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said had not been true, If spoke by any else but you ;
Your speech will govern destiny, And Fate will change rather than you should lye.' 'Tis true, if human Reason were the guide,
Reason, methinks, was on my fide;
When th' authority 's divine.
Never so justly, sure, before,
For, whatsoe'er the question be,
When they descend to human view)
'Twould imitate or borrow thine :
Happy the eye which Truth could see
But happier far the eye
Than what I ow'd to thee before :
If Nature gave me power to write in verse,
Thy wondrous beauty and thy wit
Has such a sovereign right to it,
BATHING IN THE RIVER.
THE fith around her crowded, as they do
To the false light that treacherous fishers shew,,.. And all with as much ease might taken be,
As she at first took me ;
Among the waves appear,
To ghosts, that have no use of it;
Maids bury; and, for aught we know,
That do as swiftly waste :
But 'tis, alas! at land so too,
Kiss her, and as you part, you amorous waves
The good your bounties do ;
And how your use and beauty 's loft,
As in the ocean thou
No privilege dost know
Thyfelf yet still behind :
About the self-same thing.
Thuts and seals-up the spring.
LO V E
G I V EN
O V E R..
T is enough ; enough of time and pain
Hast thou consum'd in vain ;
Thyself with shadows to deceive ;
Three: Three of thy lustiest and thy freshest years
(Toss'd in forms of hopes and fears)
Set on fire i' th' midit o' the fea,
Resolve then on it, and by force or art
Free thy unlucky heart;
Th'ambition of thy love,
If e'er it home to its breast retire,
Though thousand beauties call it out :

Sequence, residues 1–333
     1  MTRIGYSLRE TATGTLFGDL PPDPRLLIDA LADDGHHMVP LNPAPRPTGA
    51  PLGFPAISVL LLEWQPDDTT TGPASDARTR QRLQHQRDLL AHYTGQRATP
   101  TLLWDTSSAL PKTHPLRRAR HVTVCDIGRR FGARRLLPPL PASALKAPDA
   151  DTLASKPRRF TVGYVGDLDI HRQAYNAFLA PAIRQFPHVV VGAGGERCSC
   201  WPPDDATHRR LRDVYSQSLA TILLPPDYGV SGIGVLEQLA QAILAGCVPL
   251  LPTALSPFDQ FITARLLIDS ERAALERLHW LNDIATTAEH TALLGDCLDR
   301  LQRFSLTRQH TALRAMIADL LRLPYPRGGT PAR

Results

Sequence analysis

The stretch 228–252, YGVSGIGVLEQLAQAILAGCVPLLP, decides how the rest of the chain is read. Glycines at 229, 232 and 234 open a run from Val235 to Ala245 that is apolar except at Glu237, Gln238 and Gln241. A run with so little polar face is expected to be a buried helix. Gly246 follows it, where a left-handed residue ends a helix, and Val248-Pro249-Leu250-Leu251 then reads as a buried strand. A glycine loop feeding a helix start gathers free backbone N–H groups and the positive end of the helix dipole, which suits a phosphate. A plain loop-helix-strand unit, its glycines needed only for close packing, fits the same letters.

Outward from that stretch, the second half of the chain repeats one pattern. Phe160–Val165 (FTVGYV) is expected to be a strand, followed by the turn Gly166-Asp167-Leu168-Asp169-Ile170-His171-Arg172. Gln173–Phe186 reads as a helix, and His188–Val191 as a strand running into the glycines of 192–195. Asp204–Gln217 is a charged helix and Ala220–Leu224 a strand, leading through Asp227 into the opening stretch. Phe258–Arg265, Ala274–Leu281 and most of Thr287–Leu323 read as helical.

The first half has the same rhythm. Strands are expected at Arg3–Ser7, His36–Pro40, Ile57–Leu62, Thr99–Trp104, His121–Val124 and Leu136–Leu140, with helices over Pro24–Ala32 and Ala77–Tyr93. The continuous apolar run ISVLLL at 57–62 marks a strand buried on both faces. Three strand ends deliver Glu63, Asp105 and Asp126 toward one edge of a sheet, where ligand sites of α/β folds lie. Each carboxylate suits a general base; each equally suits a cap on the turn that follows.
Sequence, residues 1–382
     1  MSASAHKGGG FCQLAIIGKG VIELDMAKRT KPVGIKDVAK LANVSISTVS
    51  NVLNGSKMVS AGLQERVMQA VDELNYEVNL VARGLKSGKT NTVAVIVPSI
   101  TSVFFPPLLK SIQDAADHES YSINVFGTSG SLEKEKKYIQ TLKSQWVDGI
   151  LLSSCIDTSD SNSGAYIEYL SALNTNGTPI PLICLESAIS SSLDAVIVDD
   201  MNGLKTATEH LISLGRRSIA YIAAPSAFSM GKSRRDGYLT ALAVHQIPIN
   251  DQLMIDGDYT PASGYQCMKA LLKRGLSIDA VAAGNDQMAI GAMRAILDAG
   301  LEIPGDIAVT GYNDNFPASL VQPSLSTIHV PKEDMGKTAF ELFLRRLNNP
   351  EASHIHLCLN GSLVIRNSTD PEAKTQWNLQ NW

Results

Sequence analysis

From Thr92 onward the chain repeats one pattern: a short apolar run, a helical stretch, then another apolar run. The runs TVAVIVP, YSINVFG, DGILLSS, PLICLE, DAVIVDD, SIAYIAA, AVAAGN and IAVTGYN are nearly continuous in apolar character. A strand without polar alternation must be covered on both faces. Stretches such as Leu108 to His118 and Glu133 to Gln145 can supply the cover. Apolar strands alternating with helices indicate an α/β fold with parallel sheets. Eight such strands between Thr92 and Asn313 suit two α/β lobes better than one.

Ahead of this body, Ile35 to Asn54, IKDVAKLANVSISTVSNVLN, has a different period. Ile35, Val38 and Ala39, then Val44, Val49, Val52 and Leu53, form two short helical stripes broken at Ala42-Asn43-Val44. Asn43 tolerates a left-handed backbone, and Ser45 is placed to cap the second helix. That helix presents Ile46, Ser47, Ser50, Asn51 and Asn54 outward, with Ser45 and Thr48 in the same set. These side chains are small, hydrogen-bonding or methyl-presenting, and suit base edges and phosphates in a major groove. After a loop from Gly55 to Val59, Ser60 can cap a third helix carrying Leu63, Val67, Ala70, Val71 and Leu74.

To give a second wound,
Alas! what comfort is 't that I am grown
Secure of being again o'erthrown?
Lest any else should quarter there, Who has not only fack'd, but quite burnt down, the town.
THE PUBLISHER TO THE READER. 3679. Meeting accidentally with this poem in manu.
script, and being informed that it was a piece of the incomparable Mr. A. C's, I thought it unjust to hide such a treasure from the world. I remembered that our author, in his preface to his works to makes mention of some poems written by him on the late. civil war, of which the following copy is questionably a part. In his most imperfect and unfinished pieces, you will discover the hand of so great a master. And (whatever his own modesty might have advised to the contrary) there is not one careless stroke of his but what should be kept sacred to posterity. He could write nothing that was not worth the preserving, being habitually a poet, and always inspired. In this piece the judicious reader will find the turn of the verse to be his; the same copious and lively imagery of fancy, the same warmth of passion and delicacy of wit, that sparkles in all his writings. And certainly
This and the two following Poems are not given with certainty as Cowley's. They have been afcribed to him; are possibly genuine; and therefore are preserved in this collection. N.
See p. 16 of this Volume.